Definition: Worthless banknote – valueless money.
Origin: early 19th century America
Why this word?
Words that describe valueless currency are, sadly, becoming more and more relevant these days. I came across this word recently when reading a history of the dollar. Shinplaster, it seems, came to refer to a banknote that was so devalued or valueless that its value was akin to a plaster – or Band-Aid – that one might apply to a wound on one’s shin. This word became common slang in North America and Australia.
However, it seems that there just might be an added, hidden depth to this word that may explain its emergence as a slang term for a worthless banknote.
America didn’t have any national currency to speak of until the Civil War. Before that, the public relied on individual banks issuing their own currency and hoping that the banks had the gold in their reserves to back up the promise of the banknote – a banknote being a promise of gold. This replaced an earlier system of gold itself – the use of gold coins. Spanish gold coins were, in the 17th century, the most popular. They could be physically cut into eight small pieces rather easily – making small financial transactions possible.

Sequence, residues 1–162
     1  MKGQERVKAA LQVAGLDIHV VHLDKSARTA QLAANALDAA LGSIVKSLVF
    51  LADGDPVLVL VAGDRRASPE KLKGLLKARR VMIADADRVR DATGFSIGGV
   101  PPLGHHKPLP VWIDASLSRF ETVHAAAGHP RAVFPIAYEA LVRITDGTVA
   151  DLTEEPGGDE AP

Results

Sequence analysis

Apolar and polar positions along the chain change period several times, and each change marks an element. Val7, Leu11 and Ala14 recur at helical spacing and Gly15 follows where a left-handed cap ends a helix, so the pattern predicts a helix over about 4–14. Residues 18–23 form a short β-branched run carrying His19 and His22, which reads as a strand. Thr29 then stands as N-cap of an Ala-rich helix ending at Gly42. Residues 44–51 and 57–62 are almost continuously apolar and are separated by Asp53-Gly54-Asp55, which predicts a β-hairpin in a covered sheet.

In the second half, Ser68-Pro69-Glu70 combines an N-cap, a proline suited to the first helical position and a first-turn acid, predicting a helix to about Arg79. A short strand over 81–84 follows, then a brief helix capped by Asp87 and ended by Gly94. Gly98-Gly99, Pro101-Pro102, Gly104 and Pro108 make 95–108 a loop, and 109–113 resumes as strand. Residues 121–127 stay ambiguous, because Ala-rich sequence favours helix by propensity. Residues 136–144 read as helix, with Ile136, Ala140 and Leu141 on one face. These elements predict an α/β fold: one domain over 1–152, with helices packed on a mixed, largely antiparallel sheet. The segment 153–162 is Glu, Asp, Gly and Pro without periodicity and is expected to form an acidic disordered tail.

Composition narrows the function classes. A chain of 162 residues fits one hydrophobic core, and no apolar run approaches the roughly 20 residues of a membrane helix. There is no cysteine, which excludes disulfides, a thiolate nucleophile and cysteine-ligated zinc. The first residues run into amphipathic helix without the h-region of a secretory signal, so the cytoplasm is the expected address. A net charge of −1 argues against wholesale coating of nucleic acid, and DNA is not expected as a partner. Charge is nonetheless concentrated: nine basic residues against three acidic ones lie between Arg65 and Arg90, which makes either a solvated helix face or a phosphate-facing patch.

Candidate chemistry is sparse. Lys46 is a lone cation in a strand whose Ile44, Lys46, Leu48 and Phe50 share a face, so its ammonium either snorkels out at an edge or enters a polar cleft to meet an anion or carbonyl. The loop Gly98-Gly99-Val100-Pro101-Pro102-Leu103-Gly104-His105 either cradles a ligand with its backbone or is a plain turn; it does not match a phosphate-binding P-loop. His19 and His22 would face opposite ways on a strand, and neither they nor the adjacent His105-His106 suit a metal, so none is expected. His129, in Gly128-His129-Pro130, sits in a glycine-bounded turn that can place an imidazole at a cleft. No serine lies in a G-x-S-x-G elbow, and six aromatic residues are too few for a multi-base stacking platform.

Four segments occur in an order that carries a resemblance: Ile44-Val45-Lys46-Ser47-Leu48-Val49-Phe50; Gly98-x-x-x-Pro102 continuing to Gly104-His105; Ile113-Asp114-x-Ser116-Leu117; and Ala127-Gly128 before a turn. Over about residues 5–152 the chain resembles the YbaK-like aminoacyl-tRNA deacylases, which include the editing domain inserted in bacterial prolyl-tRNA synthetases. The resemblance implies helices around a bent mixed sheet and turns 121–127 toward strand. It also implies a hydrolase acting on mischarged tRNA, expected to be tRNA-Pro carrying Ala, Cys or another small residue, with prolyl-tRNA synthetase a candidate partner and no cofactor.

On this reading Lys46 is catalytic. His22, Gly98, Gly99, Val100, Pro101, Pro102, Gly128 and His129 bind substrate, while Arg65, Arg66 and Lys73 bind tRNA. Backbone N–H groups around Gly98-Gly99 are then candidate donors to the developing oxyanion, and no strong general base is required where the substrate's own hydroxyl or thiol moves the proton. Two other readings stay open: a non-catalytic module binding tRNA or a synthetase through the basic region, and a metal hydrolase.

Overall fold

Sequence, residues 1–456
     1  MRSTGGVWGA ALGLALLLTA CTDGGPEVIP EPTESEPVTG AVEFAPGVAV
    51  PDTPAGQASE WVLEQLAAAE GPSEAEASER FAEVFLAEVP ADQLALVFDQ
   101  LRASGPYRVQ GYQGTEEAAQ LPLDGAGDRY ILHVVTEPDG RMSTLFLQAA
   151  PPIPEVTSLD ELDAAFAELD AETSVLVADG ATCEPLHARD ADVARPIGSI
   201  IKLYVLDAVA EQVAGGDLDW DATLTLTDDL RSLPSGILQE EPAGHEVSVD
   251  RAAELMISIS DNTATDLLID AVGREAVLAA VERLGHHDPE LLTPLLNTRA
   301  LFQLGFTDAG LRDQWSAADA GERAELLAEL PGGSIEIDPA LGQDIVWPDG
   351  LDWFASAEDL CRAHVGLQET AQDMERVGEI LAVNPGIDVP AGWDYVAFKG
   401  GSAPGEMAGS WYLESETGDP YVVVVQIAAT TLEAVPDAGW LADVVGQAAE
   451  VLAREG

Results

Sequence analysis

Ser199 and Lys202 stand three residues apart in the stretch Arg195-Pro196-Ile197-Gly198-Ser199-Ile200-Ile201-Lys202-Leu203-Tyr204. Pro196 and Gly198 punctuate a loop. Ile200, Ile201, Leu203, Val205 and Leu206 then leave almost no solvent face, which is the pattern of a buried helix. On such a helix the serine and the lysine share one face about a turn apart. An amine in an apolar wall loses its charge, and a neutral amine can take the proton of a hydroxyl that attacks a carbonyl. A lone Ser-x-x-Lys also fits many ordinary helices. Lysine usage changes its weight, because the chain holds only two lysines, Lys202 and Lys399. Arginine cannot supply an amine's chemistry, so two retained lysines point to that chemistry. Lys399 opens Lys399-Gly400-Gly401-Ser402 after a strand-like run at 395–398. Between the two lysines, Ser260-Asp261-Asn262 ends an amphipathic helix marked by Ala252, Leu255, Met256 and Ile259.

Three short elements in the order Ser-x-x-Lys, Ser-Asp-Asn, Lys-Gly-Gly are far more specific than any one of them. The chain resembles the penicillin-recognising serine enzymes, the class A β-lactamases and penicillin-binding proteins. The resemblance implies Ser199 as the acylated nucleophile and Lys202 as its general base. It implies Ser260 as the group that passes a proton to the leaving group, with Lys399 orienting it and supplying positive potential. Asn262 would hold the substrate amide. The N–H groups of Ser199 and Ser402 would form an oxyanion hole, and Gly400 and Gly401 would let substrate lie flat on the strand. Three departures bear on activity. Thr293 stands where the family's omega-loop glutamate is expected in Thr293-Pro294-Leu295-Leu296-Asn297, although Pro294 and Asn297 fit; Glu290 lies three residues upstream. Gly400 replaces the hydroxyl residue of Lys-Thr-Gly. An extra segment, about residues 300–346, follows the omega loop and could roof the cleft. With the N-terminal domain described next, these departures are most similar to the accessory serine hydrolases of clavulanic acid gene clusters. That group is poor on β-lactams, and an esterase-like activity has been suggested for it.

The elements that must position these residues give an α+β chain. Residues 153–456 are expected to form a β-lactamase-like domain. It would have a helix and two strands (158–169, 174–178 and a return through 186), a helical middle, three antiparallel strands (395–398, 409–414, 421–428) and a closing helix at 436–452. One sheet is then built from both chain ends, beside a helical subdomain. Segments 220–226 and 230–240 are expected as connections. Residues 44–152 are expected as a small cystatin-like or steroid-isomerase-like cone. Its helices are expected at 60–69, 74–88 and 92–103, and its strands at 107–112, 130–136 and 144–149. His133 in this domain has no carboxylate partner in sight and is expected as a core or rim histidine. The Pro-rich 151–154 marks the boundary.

The name for this Spanish gold dollar? The piaster – itself based on the Latin emplastrum and the Greek emplastron. Thus, given that the word piaster was already known, it does not take much of a stretch to see how popular culture used the similar sounding shinplaster to describe something at the opposite end of the value scale to the good ol’ reliable piaster.
How and when to use this word in a sentence:
It is difficult to know if shinplaster can still be used. The word plaster has been superseded by Band-Aid in America – thus, people will not know what you mean by the word plaster. Conversely, in the British Isles, where plaster is still used as a word, the slang term shinplaster never existed. I’m afraid that the word shinplaster is now as useless and debased as the currency to which it refers.